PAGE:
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Ohh the stuff used with chmod (sorry I use numbers not the letters and call them Ids not accsess code).
That kind of stuff is found in the filesystem not the file so it might be hard...
I don't know... There might be an option in chmod or file but otherwise I think it might be filesystem specific...
I'm sorry this is not my best area of knowledge
Edit: ln -l -v would make it verbose and spit out everything, try that (if -v ends up being version try --verbose)
There's nothing wrong with the math. You can make the change by EITHER using numbers OR by using letters NOT by mixing them. In the example posted earlier:
chmod ug+rw <some_file> or chmod 660 <some_file> as result you get rw-rw----
the ug would be the user/group and the + would add the rw (read/write) permissions for the user/group. That can also be written as: chmod 660. Using numbers in place of letters is usually easier faster. Using either of these specific commands would show the output below with the ls -l command:
The post above by yoK0 explains what each option means. If you don't understand, there are numerous sites explaining it in excruciating detail or you could search the LQ forums.
chmod's permission settings written numerically make use of binary. What yok0 told you wasn't wrong, but your interpretation of it is incorrect. Here are a few guidelines to help:
1. Binary is read from left to right.
2. There are only two numbers: 0 and 1, two numbers hence BInary, much like BIcycle because it only has two wheels, or BIpolar, etc. etc. you get the point.
3. The first number (far left) is is 2^0. If it's a 1, that 2^0 is used (and equals 1), otherwise if it is 0, it is 0 no matter what 2^x it is. The second number is (second from the left) is 2^1, third is 2^2, and so on and so forth.
Here's an example:
2^0 is off, 2^1 is on, 2^2 is on and 2^3 is on. Therefore 0 + 2 + 4 + 8 = 14.
Now let's see how chmod looks at this:
Now we know that rwx = 7. Of course there's 3 parts to Unix permissions: owner, group and other. Let's do some more math (I really love math): We want chmod to set these settings:
The pipes are to help you identify the splits. Starting from the left:
2^0 is off, 2^1 is on, 2^2 is on.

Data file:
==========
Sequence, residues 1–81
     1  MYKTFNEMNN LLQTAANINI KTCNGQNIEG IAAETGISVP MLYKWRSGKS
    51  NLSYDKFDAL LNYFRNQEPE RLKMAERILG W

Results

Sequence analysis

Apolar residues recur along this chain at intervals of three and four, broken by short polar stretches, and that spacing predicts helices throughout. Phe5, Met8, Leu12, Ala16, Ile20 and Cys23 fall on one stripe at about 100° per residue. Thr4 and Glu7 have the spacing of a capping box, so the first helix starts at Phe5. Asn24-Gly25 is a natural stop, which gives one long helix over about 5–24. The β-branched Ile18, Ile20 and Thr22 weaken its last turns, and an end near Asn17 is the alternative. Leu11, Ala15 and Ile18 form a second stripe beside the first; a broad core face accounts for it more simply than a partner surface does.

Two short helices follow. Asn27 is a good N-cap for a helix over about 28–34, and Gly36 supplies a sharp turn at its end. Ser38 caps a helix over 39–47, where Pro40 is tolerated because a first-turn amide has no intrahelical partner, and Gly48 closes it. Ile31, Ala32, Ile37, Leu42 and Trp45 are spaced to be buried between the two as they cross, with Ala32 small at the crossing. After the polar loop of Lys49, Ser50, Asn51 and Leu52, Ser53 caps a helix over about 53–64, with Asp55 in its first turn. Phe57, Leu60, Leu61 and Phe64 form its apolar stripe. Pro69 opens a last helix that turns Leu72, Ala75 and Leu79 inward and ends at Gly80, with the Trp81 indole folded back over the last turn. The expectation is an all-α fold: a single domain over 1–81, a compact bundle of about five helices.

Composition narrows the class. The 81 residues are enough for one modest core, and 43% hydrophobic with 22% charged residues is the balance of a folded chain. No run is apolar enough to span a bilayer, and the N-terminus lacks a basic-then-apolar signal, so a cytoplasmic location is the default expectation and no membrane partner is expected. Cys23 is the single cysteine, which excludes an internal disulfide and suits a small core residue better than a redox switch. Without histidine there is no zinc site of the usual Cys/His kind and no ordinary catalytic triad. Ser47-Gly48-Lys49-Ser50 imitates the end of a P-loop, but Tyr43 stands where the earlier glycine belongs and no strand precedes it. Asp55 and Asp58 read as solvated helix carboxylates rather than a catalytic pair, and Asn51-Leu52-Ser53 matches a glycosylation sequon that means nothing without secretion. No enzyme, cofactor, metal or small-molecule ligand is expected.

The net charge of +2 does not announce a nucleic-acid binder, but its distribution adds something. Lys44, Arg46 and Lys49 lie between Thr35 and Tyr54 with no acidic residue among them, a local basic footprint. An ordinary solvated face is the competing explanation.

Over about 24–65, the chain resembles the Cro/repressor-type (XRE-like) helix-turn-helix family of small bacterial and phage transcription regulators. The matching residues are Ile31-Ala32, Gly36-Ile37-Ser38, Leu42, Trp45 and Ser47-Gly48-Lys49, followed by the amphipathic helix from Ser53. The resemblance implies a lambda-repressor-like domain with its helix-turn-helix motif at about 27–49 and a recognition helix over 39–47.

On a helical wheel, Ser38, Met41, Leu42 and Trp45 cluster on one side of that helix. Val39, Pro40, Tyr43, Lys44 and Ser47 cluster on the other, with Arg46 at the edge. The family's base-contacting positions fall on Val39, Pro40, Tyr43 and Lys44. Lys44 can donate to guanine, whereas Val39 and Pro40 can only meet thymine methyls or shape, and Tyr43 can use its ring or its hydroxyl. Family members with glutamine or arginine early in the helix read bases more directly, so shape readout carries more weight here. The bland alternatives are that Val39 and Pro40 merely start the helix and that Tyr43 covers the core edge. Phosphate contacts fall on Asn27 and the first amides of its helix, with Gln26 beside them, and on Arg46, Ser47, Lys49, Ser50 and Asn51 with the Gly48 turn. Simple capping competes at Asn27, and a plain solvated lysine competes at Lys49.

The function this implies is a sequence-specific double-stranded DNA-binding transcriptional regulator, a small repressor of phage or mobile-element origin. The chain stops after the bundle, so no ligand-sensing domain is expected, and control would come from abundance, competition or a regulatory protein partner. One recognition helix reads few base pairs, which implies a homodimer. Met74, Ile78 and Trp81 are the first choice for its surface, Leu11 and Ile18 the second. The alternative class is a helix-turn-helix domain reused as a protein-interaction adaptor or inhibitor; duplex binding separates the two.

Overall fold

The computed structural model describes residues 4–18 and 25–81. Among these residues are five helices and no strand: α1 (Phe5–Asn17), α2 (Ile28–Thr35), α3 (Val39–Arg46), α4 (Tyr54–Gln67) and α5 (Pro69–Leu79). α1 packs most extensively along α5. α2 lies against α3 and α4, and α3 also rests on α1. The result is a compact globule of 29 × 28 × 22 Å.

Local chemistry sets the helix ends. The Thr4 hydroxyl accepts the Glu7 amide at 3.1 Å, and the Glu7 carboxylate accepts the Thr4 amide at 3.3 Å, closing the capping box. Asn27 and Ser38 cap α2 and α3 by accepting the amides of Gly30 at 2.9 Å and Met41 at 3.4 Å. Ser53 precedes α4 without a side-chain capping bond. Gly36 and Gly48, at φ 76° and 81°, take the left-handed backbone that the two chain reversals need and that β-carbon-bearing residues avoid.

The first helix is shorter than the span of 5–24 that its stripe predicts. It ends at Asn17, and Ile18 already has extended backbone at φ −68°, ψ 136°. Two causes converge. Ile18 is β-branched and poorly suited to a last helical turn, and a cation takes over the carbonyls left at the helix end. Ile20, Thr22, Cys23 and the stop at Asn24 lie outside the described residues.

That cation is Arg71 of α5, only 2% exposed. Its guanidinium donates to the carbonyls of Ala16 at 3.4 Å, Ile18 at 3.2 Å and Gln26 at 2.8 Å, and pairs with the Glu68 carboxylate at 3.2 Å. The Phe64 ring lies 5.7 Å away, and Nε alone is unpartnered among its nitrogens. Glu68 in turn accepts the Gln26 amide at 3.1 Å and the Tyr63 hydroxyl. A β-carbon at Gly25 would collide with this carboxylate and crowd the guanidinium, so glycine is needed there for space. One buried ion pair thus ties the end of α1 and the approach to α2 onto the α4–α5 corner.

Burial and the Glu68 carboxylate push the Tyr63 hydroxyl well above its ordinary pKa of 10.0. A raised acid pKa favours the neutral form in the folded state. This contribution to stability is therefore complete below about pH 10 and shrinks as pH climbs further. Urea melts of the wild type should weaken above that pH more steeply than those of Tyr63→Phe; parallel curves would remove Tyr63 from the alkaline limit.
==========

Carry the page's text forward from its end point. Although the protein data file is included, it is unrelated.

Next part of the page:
0 + 2 + 4 = 6.
2^0 is on, 2^1 is off, 2^2 is on.
1 + 0 + 4 = 5.
2^0 is on, 2^1 is on, 2^2 is on.
1 + 2 + 4 = 7.
So if I wanted the settings above I would use: chmod 756
If that doesn't help, refer to yancek's post.
Edit 1: Please also note, that the numerical method will completely reset the settings and use the ones you specify. The other adds or removes settings as they're currently set. So using yancek's post as an example:
chmod 660 sets rw-rw---- BUT chmod ug+rw ADDS read-write access to the user+group, so if I used:
chmod 110, the user and groups that have access to that file are only able to execute it (2^0 is on). If I use "chmod ug+rw" on that file, I get read-write access too so instead of being:
I don't understand how you've been with LQ.org for 7 years and didn't learn binary at least in that time, but I'll help. As previously stated in my post already, binary only consists of two numbers: 0 and 1. Bicycles only consist of two wheels. So bi means two. With those two numbers, 0 is off and 1 is on. So let me ask the question this way:
Do you want to set the "readable (by owner)" switch to on?
Do you want to set the "writable (by owner)" switch to on?
Do you want to set the "executable (by owner)" switch to on?
Do you want to set the "readable (by group)" switch to on?
Do you want to set the "writable (by group)" switch to on?
Do you want to set the "executable (by group)" switch to on?
Do you want to set the "readable (by others)" switch to on?
Do you want to set the "writable (by others)" switch to on?
Do you want to set the "executable (by others)" switch to on?
1 for yes, 0 for no. And as many people here have pointed out already -- these options are separated into 3 groups so instead of having to do chmod 128 or some other crazy power of two, you only need to type 7 for all permissions.
Notice that yak0's numbers for r=4, w=2 and x=1 can all be solutions to 2^n. If you need help finding out what n equals, just use logarithms.